“Why would I want to? And your time is up?”

“I would like to talk some more.”

“We can do what you like, but it all costs the same.”

“No, I mean, maybe over coffee. I don’t know anyone here. I thought maybe you’d be interested in meeting after work.”

“I don’t give freebies either if that’s what you’re after. But I like to eat after work. You may meet me at a place called The Honey Pot on the corner of Lichfield and Manchester at four thirty.”

I met her at the Honey Pot. She ate with a ferocious appetite, but who knows, in her line of work she may burn as many calories as an Olympic swimmer. I learned her name was Alana and I began meeting her every night she worked for sex and every morning after for a meal. We talked about all sorts of things, most of them of no value other than to reinforce a human companionship, but she told me why and how she got into the prostitution business, which I’ll respect her by not sharing, but I’ll say the reasoning didn’t make much sense to me, though I will also say what I’ve told her about my marriage didn’t make much sense to her.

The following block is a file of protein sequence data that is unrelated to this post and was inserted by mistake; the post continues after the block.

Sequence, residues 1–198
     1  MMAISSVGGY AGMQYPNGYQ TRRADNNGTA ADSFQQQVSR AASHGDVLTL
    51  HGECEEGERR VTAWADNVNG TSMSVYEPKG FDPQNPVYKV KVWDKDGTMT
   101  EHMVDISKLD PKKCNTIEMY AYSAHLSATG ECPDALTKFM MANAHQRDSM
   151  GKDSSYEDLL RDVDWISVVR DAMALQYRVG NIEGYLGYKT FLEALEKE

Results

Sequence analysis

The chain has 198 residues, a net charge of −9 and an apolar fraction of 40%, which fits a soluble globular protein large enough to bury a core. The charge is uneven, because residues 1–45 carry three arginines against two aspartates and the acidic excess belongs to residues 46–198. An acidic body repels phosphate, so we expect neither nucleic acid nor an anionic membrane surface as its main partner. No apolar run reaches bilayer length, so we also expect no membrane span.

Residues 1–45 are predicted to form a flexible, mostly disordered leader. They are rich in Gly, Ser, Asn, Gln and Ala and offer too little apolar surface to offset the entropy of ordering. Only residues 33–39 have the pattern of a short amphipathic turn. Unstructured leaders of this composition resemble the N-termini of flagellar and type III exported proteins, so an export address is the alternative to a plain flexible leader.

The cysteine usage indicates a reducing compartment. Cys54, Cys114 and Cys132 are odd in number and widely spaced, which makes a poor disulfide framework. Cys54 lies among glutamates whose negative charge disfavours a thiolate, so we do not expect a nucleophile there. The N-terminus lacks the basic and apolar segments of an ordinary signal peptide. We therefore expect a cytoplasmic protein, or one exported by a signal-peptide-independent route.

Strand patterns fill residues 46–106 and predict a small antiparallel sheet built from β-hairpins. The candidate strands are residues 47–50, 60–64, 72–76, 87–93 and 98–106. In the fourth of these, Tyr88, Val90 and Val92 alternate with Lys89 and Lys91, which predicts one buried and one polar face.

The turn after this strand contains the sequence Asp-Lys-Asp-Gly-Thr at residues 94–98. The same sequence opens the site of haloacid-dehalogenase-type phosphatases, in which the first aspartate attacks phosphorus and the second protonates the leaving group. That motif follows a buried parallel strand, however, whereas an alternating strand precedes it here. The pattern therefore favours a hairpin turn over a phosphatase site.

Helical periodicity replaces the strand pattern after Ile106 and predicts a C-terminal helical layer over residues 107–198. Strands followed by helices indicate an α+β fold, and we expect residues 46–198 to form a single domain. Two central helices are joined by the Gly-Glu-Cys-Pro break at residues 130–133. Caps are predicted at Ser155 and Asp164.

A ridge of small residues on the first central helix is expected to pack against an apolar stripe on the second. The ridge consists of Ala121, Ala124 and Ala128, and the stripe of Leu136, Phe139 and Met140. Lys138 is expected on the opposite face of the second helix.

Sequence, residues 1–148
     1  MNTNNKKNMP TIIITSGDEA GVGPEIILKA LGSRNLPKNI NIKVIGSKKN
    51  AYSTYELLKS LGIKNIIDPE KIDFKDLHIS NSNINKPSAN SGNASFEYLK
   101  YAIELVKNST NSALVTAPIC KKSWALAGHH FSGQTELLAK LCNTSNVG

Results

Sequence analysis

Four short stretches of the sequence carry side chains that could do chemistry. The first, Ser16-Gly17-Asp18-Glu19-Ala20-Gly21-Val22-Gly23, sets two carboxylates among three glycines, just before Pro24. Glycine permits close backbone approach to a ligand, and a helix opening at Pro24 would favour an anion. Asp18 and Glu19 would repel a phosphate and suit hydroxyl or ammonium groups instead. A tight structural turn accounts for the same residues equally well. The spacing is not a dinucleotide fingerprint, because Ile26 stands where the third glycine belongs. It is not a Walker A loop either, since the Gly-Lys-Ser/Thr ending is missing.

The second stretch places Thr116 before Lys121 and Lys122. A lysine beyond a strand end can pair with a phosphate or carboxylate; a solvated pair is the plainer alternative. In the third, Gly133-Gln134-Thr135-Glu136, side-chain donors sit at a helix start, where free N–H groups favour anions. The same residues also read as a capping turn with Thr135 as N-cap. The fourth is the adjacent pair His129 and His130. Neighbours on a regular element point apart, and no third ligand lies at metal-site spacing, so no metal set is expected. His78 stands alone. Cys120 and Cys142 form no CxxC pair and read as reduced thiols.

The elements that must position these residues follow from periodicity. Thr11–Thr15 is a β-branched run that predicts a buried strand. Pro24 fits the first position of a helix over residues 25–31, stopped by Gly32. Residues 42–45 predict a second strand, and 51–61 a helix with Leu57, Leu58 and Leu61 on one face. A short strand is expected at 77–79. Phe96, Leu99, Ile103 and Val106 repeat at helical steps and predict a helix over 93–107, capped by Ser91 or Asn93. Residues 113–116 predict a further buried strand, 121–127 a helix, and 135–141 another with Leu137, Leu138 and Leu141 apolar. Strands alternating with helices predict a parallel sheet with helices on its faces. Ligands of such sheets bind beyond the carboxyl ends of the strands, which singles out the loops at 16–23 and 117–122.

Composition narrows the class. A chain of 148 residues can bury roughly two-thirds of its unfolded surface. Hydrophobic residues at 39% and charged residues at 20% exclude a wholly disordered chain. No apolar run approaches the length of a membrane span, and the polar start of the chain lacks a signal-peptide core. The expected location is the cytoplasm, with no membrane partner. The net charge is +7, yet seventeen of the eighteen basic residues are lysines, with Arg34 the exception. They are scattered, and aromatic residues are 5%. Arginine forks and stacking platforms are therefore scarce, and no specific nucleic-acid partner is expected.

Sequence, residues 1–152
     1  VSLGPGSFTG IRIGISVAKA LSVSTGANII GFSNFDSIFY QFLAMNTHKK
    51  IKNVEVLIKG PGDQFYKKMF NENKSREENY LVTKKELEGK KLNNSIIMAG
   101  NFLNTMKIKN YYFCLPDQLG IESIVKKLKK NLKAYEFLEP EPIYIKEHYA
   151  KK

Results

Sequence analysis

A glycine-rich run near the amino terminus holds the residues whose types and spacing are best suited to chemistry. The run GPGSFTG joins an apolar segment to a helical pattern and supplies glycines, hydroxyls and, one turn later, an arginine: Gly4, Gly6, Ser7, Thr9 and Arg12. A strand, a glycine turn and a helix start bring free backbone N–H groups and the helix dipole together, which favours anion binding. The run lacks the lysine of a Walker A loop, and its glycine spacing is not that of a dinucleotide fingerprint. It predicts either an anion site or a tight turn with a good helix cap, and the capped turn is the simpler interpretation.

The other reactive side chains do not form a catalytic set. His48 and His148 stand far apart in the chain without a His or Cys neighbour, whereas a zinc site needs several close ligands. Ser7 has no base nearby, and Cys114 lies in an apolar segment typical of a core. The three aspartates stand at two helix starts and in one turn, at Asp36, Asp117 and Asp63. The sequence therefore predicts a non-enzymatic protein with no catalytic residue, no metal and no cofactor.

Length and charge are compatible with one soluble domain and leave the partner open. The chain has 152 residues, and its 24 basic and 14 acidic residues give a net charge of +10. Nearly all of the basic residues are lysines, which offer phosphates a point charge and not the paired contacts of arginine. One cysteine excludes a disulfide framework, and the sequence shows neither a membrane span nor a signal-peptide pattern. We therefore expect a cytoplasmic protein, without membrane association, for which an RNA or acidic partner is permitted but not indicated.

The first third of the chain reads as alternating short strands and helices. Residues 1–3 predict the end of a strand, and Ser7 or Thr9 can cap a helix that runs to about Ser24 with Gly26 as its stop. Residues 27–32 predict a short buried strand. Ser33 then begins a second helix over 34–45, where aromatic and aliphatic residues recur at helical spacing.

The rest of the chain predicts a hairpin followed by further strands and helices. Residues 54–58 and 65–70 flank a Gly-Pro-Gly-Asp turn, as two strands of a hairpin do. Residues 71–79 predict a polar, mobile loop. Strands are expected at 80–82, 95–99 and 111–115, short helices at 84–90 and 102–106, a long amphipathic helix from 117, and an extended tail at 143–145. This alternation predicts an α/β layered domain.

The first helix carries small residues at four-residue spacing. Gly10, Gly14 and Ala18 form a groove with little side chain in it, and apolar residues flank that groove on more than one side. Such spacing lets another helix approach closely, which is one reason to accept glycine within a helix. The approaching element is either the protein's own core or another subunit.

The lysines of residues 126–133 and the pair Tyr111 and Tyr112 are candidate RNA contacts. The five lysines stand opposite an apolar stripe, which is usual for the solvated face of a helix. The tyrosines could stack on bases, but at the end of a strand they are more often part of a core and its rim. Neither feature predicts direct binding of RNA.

I looked forward all day to these encounters. I’d sleep for twelve hours a day so I’d have to occupy less time in between these meetings, which usually consisted of sitting at the hotel bar or watching rugby in my room with a bottle of red absinthe and green apple juice. Before I arrived in New Zealand, Julian told me all sorts of things I must do, walk barefoot in the fine sand and cool waters of Golden Bay, kayak with the dolphins in the fiordlands, bathe in the hot pools at Franz Josef Glacier. The problem with nature, while it may offer lots of ways to please the senses, it does little to distract the mind. Nothing mends a broken heart like sex and companionship, even when you have to pay for it.

On some mornings a coworker of Alana’s, Tina, would join us for food. She was a large sad woman who was missing all of her front teeth. When she yelled, which was most of the time, her loose jowls made me think of a talking basset hound. She had discovered that her oldest daughter had recently began working at a brothel.